Day two of the RPS Contemporary Group’s ‘The Power of Photography’ weekend at Birmingham City University. The photographers speaking were:
Brijesh Patel is an editorial photographer who funds his projects through a mixture of grants and his corporate work. He produces exquisite hand-made books of his work to accompany his exhibitions. He is even looking into making his own paper. Although he touched on some of his UK projects, 1948 Olympians and military marching bands, most of his projects concern India and his attempts to understand the land of his birth. Three projects were shown:
- A Dreamed Place
Patel’s approach is to spend time with the people he wishes to photograph, build a relationship with them and then make images. He tests the technicalities and aesthetics of his images in the UK before travelling out to India to make them. Patel likes to explore ‘the idea of India’ and adopts an immersive working style. For the ‘salt’ project, he followed the route of Gandhi’s salt march and made photographs in synch with the places at which Gandi wrote during the work. A very engaging project. Patel has a separate website for his Indian art photography and the salt project can be seen here.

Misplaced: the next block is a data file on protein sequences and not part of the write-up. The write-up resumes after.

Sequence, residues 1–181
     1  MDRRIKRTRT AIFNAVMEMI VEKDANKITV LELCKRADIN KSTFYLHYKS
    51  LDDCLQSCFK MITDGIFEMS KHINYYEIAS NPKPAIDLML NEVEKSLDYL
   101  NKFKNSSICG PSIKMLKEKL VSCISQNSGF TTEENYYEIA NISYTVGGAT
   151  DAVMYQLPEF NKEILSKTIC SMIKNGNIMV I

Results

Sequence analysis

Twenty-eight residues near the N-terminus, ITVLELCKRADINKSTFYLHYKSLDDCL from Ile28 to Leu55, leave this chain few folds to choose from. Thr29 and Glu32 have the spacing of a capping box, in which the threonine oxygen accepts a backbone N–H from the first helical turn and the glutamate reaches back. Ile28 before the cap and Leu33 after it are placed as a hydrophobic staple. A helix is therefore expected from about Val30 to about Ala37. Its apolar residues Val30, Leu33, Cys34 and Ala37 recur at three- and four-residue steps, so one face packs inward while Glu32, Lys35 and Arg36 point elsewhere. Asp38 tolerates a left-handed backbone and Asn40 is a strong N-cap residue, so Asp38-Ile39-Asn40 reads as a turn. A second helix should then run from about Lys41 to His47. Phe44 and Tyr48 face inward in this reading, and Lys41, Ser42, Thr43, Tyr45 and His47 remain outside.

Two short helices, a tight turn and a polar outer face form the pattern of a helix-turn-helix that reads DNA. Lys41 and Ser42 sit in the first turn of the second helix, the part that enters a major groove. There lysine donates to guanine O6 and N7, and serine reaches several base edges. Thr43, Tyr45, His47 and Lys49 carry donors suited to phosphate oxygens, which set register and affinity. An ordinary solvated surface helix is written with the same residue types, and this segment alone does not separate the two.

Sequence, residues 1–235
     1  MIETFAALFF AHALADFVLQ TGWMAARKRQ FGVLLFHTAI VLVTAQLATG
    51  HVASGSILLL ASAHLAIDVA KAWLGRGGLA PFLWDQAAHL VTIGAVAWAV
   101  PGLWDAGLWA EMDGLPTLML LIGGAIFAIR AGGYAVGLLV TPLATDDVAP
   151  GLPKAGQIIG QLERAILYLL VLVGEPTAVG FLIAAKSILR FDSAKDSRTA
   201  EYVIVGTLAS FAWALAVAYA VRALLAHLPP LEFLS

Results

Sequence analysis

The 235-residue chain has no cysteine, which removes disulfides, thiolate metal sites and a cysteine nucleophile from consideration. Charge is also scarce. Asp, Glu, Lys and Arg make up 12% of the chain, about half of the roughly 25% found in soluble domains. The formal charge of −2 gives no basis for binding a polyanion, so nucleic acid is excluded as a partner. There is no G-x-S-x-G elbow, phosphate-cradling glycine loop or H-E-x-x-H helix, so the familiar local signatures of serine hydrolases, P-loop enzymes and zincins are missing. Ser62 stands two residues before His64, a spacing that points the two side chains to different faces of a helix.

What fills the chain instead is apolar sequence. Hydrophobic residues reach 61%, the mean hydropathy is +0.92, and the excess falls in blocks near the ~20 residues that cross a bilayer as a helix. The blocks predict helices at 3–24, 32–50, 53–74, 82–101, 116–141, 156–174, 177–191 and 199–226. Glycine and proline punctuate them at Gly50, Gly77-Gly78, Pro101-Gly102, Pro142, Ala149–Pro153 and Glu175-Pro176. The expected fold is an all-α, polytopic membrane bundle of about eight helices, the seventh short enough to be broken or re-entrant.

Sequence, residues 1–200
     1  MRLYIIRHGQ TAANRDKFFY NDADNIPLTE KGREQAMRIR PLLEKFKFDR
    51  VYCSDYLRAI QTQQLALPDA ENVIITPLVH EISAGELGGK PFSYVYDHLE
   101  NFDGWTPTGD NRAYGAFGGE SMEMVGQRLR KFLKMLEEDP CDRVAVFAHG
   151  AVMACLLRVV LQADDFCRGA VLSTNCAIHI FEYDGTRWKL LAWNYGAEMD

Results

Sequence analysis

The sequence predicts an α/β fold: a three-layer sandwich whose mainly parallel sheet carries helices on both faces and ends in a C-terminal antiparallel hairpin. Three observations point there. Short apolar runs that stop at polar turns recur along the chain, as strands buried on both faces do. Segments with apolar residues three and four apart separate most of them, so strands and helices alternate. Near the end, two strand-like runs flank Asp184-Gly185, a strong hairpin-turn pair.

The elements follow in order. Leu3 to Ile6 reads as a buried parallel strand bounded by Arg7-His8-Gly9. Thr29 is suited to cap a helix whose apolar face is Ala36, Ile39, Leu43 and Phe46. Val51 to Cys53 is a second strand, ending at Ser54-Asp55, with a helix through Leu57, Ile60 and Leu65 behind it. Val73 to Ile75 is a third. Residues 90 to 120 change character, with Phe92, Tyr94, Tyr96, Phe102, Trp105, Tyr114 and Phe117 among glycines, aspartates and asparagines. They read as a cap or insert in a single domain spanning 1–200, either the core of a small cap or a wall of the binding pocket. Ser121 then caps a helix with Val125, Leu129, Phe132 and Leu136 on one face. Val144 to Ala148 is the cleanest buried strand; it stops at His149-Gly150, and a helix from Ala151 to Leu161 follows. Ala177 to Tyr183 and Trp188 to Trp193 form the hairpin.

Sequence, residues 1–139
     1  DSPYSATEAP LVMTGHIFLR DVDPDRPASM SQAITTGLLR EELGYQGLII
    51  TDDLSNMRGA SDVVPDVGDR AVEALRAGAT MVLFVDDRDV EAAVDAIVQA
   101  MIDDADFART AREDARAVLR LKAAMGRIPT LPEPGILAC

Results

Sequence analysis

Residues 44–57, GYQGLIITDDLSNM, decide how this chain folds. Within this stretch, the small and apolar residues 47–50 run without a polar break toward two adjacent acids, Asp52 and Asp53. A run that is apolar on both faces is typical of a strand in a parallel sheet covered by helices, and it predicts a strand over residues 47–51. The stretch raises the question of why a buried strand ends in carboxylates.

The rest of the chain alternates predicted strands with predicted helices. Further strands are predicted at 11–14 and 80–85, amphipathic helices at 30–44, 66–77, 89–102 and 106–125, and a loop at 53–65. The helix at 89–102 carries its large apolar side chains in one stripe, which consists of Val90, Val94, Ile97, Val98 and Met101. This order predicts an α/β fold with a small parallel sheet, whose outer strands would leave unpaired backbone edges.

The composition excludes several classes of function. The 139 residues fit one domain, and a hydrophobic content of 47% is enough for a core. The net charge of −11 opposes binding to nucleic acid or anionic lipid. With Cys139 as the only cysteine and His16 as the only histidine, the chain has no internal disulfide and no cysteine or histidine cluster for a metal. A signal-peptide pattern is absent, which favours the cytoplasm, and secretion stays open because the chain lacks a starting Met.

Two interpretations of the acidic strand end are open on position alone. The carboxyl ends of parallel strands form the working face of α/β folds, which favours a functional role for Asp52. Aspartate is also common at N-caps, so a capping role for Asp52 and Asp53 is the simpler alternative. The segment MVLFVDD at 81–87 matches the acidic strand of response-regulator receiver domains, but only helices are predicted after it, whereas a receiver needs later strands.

Newly elected president of the RPS, Roy Robertson showed a portfolio of excellent dance images. Black and white slow shutter speed images made by ambient light were a tour de force.
An Iranian-British photographer, Tabrizian explained that her work focuses on ‘the crisis of contemporary culture’. Tabrizian’s highly collaborative work consists of large clever orchestrated scenes. Her work from Tehran is layered with meaning and allegorically illustrates the incomplete results of the revolution. Censorship means that Iranians often cannot ‘talk’ directly and so small subjects are treated allegorically to comment upon bigger issues. I found one example of her London work particularly striking where Tabrizian photographed a large group of bankers at J.P. Morgan’s headquarters – each person instructed not to look at the camera or communicate with others. It’s a very striking image that can be read in different ways – in my case I could see isolation, dis-functionality and even fear. The image can be found here.
I know John Davies’s early work well and this presentation was a good chance to catch up on his more recent projects. Davies has begun to re-photograph some of the scenes of his well-known images from the 1980s and 90s. The changes this demonstrates are startling. Davies is now based in Liverpool and turning his lens once again on a UK city – looking at how it has reinvented itself. He has also become more of an activist and is engaged supporting campaigns against the increase in public access spaces being sold off for private development. More details about Davies’ ‘Our Ground’ project can be seen on http://www.johndavies.uk.com/